Josef Herman exhibition

Ben Uri past exhibition 2012

Josef Herman RA: Warsaw, Brussels, Glasgow, London 1938-1944

This exhibition followed the six years (1938-44) of Herman’s tumultuous journey as he fled across the four European cities of Warsaw, Brussels, Glasgow, London.

Video content for this exhibition

Sir Jeremy Isaacs talks about the artist Josef Herman.

Ben Uri curator, Sarah MacDougall, tours the exhibition.

Peter Rossiter talks about expressionist painter Martin Bloch and Josef Herman.

David Herman talks about his father Josef Herman.

Unseen works by Herman

This exhibition showed rare artworks from Josef Herman, and brought together for the first time much of Herman’s surviving work from this formative period, when his art was at its most experimental and his use of colour strikingly imaginative.

Josef Herman: Miners

Most works are held in private collections, so have rarely been seen or previously gathered together on such a comparable scale. Included are the few remaining works from Brussels, a series of powerfully expressionist figurative works in oil, gouache and tempera, striking designs for a politically-themed ballet, and many works on paper from the series known as the ‘Memory of Memories’.

These vivid, often poignant, sketches fired by memory and imagination, carried out in Glasgow between 1940 and 1943, bring the memory of Herman’s family (who perished in the Warsaw Ghetto), as well as his lost Warsaw years, back to life.

The Glasgow art scene

The exhibition also includes examples of work by Herman’s contemporaries in Glasgow: fellow Polish émigré Jankel Adler, Estonian-born sculptor Benno Schotz and Scottish colourist J D Fergusson, alongside whom Herman briefly made a considerable contribution to the Glasgow arts scene. At the Ohel Centre in North London (1943-4), Herman mixed with fellow artists Martin Bloch, David Bomberg, Jacob Epstein and Ludwig Meidner (whose work is also included), as well as with the poets Itzik Manger and Avrom Stencl.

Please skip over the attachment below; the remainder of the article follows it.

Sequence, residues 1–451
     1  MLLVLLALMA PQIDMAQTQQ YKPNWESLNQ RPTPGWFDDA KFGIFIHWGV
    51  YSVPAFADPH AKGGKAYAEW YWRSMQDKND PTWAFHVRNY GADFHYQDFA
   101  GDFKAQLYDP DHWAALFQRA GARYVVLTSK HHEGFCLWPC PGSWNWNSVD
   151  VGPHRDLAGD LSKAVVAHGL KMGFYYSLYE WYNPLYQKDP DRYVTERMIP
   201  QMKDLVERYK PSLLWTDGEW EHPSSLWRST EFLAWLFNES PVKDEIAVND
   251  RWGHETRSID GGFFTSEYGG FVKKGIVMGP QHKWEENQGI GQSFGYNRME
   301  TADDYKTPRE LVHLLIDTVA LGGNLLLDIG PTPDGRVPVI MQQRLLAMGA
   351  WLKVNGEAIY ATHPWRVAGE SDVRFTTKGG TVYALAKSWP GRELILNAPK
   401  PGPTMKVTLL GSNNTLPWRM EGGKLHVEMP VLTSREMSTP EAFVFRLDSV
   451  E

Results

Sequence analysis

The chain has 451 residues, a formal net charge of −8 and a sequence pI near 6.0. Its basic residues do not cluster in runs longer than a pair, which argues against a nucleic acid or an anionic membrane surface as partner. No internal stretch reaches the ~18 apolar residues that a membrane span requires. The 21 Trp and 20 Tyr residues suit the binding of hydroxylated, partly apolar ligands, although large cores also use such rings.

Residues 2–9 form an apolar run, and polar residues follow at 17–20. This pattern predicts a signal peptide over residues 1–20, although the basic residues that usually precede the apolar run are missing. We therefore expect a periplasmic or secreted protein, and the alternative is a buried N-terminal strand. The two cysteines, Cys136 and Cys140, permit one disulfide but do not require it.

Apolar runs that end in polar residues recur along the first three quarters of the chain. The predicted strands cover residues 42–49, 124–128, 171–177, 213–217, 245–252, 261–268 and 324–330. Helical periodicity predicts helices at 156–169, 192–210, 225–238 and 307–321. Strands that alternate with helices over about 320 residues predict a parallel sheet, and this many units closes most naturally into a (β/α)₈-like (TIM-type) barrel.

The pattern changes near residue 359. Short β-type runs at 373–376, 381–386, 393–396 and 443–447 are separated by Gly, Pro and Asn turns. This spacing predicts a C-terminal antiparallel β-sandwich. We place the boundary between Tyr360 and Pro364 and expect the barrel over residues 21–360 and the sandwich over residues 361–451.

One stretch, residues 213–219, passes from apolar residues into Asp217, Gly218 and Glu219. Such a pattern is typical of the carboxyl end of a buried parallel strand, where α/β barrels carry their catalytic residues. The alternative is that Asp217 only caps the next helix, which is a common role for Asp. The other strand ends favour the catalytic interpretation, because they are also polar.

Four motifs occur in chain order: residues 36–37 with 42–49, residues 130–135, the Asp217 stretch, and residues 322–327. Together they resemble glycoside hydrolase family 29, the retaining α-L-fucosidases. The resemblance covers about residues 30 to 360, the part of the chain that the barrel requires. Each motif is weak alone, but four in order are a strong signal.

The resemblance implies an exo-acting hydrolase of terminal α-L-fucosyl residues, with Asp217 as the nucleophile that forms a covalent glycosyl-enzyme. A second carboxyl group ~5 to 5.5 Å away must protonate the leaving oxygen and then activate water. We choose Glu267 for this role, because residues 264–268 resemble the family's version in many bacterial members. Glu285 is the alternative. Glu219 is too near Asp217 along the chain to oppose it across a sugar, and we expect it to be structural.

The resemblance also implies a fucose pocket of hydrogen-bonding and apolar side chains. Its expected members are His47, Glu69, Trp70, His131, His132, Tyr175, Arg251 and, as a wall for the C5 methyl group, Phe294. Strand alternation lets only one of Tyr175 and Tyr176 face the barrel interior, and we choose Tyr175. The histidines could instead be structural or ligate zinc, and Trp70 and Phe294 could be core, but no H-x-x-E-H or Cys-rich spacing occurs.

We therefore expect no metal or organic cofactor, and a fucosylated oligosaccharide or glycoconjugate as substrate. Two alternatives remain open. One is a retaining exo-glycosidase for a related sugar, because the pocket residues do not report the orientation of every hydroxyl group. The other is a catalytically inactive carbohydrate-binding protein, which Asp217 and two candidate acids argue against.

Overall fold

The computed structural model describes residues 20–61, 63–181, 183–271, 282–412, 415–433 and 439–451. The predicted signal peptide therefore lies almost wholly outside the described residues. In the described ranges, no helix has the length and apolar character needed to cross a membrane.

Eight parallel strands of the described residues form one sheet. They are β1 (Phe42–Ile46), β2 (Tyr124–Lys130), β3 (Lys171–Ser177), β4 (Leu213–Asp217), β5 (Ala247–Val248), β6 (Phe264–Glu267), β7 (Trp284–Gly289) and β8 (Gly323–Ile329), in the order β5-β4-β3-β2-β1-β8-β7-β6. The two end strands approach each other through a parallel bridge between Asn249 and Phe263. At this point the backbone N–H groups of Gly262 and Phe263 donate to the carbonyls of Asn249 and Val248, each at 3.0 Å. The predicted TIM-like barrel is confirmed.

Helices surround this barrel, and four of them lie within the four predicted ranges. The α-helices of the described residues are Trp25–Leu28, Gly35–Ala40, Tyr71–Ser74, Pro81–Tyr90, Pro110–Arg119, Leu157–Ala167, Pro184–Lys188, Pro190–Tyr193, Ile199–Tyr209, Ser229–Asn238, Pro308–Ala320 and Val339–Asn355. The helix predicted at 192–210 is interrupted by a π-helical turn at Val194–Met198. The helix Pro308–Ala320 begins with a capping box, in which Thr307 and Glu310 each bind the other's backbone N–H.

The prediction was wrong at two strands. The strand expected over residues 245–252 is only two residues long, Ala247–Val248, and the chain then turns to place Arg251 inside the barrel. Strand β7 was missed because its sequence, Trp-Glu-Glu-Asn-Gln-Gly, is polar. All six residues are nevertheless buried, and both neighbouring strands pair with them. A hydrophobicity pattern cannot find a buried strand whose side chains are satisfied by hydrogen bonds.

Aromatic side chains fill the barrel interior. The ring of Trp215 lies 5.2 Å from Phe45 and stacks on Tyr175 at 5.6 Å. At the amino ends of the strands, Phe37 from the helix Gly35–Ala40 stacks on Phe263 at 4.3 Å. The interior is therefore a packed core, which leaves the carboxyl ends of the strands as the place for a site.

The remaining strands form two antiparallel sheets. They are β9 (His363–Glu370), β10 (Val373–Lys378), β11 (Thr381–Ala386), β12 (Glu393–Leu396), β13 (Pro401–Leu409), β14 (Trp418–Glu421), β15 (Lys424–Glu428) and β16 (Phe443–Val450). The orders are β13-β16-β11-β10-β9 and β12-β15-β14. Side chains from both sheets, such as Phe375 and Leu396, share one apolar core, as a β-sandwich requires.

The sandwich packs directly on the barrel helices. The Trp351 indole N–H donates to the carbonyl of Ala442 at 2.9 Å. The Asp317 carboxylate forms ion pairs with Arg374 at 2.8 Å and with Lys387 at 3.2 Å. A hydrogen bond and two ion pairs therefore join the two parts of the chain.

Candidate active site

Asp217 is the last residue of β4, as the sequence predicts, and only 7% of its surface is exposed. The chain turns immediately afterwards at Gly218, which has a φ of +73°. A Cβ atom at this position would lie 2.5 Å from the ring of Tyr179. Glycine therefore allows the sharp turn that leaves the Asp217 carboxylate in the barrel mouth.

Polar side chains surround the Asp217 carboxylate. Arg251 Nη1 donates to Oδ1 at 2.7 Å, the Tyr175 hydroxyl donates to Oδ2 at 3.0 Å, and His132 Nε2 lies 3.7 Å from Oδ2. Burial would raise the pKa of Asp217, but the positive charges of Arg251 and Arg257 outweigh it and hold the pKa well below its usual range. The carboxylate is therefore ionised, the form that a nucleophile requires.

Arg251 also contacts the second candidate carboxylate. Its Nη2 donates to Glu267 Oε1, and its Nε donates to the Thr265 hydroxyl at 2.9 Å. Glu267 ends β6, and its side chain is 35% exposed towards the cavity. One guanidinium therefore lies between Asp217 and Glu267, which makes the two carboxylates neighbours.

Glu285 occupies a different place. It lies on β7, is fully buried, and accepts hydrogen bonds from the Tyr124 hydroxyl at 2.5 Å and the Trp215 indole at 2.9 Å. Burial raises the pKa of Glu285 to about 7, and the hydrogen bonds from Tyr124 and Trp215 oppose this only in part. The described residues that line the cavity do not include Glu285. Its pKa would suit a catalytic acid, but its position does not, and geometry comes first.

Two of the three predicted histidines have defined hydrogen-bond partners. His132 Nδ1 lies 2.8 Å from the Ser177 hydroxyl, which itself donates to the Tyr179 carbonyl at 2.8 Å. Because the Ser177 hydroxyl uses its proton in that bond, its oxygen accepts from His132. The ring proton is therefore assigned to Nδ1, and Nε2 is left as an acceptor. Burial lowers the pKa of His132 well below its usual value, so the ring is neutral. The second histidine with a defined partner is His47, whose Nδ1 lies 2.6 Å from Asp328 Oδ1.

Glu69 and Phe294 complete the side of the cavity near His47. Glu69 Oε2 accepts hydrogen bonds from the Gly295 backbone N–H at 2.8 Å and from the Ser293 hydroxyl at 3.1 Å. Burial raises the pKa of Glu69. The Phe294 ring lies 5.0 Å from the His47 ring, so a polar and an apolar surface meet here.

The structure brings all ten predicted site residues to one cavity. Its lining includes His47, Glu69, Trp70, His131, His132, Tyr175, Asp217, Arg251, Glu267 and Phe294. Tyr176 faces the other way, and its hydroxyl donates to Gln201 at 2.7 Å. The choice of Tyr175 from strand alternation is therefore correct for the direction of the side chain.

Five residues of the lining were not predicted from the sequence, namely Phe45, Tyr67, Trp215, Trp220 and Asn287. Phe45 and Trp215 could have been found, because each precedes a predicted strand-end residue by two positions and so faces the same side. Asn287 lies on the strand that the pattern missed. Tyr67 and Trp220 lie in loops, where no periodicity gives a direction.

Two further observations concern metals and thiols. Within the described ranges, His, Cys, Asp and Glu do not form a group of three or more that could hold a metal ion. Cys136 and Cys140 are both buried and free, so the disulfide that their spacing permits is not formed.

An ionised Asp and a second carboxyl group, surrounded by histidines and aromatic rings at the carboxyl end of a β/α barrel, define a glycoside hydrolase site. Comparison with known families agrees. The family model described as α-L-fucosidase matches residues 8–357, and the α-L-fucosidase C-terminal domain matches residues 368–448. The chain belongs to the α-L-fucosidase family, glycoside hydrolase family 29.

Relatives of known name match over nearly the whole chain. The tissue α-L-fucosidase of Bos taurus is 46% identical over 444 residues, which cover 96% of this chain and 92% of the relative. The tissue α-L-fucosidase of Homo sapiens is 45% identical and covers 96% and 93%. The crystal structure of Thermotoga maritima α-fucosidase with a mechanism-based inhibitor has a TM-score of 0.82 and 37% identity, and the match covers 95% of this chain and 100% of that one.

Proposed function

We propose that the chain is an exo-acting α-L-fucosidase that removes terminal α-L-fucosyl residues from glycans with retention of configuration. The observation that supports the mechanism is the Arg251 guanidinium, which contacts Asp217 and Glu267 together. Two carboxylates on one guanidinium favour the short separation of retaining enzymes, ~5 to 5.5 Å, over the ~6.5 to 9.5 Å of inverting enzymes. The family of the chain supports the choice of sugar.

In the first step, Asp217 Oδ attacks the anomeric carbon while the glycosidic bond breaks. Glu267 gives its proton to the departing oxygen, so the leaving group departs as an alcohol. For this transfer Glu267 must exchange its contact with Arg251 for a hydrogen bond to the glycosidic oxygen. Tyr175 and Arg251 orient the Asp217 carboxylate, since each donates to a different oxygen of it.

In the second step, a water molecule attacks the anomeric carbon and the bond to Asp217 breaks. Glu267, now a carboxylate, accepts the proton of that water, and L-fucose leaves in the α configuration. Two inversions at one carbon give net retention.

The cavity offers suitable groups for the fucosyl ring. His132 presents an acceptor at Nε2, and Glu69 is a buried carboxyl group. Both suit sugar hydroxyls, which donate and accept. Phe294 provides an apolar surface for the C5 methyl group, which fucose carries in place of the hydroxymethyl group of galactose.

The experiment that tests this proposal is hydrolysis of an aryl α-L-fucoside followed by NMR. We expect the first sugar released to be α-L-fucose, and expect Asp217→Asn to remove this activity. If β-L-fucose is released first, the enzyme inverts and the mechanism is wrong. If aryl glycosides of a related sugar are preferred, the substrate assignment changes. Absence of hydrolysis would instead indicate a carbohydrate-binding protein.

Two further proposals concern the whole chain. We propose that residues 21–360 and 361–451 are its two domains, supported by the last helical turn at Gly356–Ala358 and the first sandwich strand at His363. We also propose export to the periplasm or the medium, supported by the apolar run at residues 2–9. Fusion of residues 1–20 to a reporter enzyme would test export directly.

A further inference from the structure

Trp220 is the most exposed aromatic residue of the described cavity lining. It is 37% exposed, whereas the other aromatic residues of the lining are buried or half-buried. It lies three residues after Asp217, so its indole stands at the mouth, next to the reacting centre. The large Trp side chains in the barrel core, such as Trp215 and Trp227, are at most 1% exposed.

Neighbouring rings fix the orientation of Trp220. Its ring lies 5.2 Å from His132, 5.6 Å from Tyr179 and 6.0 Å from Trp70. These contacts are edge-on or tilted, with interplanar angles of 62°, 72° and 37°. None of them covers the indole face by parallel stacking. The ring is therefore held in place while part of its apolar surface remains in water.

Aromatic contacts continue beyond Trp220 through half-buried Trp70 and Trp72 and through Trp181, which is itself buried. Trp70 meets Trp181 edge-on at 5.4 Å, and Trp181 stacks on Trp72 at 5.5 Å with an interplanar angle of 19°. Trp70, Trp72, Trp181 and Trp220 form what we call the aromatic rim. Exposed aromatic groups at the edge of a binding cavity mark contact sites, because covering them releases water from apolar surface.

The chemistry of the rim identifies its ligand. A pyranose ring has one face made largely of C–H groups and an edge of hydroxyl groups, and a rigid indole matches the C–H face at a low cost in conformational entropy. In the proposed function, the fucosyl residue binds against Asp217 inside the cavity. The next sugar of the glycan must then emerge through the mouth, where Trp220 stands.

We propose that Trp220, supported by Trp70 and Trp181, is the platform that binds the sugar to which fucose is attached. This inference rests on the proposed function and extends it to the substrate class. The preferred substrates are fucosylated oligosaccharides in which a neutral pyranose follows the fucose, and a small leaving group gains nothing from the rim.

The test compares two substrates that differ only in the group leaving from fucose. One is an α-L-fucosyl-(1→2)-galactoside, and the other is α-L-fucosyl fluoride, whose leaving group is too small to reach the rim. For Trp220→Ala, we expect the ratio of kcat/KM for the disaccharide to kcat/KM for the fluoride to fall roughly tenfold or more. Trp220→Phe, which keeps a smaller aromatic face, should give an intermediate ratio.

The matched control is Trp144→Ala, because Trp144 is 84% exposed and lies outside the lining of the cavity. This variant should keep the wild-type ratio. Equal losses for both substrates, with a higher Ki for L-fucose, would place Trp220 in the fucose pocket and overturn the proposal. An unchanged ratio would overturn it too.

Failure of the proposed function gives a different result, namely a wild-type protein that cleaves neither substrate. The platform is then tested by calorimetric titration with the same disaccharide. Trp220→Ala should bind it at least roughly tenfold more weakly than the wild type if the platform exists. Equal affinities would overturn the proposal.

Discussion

Josef Herman:Ystradgynlais

Ystradgynlais and Herman

The exhibition concludes in mid-1944, when Herman’s momentous discovery of the Welsh mining town of Ystradgynlais in South Wales changed the direction of his life and work forever.

The catalogue includes contributions from Herman’s biographer, Monica Bohm-Duchen, as well as Professor Jerzy Malinowski (President of the Polish Institute of World Art Studies and Head of Modern and Oriental Art, Nicolaus Copernicus University, Torun, Poland), Nanny Schrijvers (curator and researcher, the Royal Museum, Antwerp), Douglas Hall (former first Keeper of the Scottish Gallery of Modern Art in Edinburgh), the artist’s son, David Herman, Ben Uri’s Head of Curatorial Services, Rachel Dickson and the curator Sarah MacDougall, the inaugural Ben Uri Eva Frankfurther Research and Curatorial Fellow for the study of émigré artists.

The exhibition and accompanying catalogue are part of Ben Uri’s continuing exploration of and commitment to the work of émigré artists. You can purchase the catalogue from the Ben Uri shop.